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Dis Colon Rectum. 1990 Feb;33(2):131-4.

Colorectal disease in spinal cord patients. An occult diagnosis.

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Department of Surgery, Yale University School of Medicine, West Haven, Connecticut.


Undiagnosed abdominal emergencies account for 10 percent of all fatalities among patients with spinal cord injuries. A large number of these emergencies involve the lower gastrointestinal tract. The purpose of this study is to bring attention to the occult nature of colorectal disease in spinal cord patients and to highlight the subtle, but characteristic, symptoms and signs that develop in these patients. The authors identified 13 spinal cord patients in whom a lesion developed in either the appendix, colon, rectum, or anus. The average age of all patients was 36.2 years. Trauma and multiple sclerosis were the most common etiology of spinal cord injury. The most common presenting symptoms were abdominal distention, vomiting, and constipation. The average delay in diagnosis of the colorectal disease was 35.8 hours. An 84% morbidity and 22% mortality were observed. This study indicates that any deviation from the normal lifestyle of the spinal cord patient should alert one to the possibility of visceral inflammation. Furthermore, close attention to the signs of autonomic dysreflexia or changes in spasticity, along with a thorough evaluation of the ill-appearing spinal cord patient, may uncover occult colonic or rectal disease.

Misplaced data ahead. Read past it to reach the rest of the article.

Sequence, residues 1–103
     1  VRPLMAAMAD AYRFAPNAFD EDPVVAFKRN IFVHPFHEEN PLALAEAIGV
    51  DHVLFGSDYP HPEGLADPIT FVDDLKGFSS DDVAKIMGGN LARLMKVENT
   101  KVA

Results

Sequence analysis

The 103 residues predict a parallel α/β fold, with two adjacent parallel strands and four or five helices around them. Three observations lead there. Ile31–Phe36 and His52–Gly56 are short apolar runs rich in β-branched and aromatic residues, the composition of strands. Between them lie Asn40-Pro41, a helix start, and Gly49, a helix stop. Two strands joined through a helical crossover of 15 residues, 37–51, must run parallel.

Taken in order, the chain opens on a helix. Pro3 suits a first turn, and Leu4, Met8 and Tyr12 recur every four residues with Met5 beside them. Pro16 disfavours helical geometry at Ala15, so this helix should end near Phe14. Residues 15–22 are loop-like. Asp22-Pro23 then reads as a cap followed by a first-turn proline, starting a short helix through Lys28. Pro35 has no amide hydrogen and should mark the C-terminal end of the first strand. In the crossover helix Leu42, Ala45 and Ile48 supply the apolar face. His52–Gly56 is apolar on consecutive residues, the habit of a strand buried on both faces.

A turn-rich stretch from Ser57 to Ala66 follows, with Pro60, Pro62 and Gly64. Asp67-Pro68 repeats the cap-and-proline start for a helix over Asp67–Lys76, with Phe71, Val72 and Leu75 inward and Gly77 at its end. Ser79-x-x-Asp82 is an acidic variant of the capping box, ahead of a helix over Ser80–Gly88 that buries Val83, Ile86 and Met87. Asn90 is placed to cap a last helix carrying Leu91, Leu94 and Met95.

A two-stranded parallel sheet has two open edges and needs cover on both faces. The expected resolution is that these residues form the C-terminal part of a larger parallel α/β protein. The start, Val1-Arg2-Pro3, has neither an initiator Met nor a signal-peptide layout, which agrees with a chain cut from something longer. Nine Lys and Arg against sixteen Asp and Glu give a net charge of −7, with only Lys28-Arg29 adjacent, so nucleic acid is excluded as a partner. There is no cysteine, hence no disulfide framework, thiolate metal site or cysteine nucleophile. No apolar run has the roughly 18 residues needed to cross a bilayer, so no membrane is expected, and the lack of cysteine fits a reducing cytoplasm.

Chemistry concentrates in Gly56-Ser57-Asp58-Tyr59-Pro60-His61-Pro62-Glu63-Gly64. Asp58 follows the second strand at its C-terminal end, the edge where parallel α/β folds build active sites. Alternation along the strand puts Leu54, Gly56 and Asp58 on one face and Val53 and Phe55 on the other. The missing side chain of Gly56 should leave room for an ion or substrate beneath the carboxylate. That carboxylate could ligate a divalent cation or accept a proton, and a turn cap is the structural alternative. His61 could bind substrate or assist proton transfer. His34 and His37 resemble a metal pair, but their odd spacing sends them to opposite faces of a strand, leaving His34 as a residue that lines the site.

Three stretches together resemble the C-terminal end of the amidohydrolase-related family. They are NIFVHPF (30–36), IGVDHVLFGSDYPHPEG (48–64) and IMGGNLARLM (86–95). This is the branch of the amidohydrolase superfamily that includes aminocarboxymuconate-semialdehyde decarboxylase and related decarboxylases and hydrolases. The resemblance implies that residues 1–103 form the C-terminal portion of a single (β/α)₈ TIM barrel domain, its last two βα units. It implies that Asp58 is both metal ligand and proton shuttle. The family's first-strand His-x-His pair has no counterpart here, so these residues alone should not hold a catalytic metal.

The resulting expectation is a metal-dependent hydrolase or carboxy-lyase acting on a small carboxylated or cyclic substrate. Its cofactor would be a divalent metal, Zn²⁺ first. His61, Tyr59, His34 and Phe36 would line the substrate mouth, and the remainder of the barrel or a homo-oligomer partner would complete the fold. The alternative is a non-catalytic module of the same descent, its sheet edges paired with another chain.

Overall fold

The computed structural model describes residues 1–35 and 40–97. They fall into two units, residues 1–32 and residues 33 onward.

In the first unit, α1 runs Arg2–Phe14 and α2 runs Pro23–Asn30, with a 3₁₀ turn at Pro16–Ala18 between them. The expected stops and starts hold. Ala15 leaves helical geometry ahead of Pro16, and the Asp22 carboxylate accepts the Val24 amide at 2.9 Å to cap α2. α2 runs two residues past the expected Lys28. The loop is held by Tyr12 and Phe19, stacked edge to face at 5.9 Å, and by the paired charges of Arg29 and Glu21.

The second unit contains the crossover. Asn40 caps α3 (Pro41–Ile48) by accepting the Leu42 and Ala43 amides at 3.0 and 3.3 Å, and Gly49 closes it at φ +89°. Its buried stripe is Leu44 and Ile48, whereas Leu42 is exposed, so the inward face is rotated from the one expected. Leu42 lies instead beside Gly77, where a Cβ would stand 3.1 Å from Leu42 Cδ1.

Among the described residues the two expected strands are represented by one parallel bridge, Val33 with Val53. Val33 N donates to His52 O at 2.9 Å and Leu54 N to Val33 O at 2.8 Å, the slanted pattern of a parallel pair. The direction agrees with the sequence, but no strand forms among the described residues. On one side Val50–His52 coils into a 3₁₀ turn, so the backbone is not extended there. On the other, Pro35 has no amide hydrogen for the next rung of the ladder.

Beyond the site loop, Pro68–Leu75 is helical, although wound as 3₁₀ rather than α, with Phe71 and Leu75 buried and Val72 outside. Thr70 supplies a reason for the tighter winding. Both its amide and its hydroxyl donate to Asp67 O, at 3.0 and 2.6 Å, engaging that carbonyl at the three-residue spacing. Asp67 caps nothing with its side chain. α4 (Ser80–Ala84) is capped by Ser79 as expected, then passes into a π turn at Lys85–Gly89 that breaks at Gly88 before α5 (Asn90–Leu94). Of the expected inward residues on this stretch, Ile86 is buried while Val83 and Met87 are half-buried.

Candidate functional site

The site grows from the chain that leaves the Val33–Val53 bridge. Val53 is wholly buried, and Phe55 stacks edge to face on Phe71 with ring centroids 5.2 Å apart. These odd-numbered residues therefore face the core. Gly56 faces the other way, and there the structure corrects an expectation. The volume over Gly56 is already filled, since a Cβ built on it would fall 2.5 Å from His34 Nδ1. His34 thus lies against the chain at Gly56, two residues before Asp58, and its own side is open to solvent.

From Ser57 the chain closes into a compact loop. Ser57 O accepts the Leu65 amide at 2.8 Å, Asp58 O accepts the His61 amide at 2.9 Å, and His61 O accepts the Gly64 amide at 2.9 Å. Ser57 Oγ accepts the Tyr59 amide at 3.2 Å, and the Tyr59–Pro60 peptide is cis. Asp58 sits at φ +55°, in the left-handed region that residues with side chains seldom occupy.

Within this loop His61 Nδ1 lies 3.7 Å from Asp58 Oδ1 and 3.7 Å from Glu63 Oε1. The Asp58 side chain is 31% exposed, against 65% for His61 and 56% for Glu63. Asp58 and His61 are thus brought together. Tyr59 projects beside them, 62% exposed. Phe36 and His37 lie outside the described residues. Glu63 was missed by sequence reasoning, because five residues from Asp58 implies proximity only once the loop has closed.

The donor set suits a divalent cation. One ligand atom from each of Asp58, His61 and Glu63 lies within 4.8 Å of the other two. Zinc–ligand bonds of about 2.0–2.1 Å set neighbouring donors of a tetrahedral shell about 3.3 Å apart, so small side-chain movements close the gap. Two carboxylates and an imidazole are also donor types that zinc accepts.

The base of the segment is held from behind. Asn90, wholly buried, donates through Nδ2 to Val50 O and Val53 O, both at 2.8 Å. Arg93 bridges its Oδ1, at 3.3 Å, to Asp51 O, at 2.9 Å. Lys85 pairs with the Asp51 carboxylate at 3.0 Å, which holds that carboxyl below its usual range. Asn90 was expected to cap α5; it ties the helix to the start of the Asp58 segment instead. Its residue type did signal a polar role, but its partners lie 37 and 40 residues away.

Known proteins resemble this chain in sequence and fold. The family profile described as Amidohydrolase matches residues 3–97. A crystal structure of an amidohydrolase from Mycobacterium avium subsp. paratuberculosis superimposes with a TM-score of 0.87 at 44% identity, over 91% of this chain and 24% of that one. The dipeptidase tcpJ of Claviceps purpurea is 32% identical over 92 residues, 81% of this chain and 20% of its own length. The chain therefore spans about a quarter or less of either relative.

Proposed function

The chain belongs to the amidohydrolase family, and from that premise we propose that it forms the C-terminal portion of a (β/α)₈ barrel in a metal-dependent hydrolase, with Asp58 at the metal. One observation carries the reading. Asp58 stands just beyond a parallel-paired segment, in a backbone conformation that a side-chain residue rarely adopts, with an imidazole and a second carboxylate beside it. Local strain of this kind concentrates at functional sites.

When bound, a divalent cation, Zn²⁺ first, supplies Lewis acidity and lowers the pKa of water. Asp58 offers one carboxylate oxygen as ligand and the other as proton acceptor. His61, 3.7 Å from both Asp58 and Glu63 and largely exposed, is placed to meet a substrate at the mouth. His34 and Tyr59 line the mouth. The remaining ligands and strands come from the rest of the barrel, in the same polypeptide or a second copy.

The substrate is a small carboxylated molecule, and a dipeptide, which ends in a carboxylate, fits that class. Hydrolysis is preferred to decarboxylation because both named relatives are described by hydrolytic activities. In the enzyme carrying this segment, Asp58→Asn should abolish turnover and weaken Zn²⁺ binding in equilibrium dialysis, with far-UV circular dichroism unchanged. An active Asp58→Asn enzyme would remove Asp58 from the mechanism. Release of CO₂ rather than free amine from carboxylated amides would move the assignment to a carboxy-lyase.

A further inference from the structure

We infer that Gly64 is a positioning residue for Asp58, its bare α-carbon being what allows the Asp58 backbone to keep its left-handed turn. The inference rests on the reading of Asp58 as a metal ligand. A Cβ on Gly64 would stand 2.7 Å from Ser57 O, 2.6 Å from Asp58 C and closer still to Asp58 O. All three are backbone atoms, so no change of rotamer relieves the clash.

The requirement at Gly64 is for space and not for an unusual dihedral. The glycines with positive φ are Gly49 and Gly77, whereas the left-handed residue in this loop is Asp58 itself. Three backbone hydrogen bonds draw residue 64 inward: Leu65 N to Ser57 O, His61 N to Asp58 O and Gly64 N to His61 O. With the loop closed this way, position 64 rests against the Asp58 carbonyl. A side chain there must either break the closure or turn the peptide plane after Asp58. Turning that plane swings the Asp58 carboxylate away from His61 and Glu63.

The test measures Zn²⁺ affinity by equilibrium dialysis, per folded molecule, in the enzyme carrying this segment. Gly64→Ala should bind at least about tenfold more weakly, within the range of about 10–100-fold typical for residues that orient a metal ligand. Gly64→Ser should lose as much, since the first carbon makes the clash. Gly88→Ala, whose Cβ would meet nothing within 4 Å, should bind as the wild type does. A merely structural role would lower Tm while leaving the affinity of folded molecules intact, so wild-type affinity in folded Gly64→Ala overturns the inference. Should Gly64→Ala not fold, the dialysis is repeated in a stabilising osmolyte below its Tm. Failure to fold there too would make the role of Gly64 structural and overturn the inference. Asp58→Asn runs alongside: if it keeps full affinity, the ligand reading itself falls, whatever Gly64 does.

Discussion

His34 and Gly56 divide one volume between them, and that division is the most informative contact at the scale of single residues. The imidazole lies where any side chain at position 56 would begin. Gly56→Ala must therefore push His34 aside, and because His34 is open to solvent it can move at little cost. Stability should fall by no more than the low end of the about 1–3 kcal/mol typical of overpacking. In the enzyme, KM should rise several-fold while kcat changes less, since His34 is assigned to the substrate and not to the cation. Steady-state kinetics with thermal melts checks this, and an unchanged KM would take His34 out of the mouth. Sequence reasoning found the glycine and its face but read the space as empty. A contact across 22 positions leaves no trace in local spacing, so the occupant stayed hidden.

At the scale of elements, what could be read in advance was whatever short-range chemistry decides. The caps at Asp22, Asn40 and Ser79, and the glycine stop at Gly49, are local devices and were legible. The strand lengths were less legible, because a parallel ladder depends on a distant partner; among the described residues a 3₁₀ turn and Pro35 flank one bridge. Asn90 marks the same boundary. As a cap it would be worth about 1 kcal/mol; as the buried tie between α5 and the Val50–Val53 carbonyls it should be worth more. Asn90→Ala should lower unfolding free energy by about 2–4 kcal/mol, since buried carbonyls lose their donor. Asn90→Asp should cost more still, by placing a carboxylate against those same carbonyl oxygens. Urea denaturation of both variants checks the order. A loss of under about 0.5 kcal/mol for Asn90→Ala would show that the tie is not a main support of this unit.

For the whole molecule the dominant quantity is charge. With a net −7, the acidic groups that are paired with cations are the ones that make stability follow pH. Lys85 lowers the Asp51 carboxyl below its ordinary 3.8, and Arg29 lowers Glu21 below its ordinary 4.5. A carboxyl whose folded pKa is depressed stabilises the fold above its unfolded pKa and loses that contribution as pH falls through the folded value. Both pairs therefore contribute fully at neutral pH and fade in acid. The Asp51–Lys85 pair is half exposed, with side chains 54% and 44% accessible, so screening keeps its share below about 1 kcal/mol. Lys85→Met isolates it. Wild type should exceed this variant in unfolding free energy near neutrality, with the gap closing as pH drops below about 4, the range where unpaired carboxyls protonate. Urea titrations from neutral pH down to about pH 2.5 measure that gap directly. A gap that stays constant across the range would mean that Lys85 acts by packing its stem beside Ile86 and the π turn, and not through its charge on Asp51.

[Indexed for MEDLINE]

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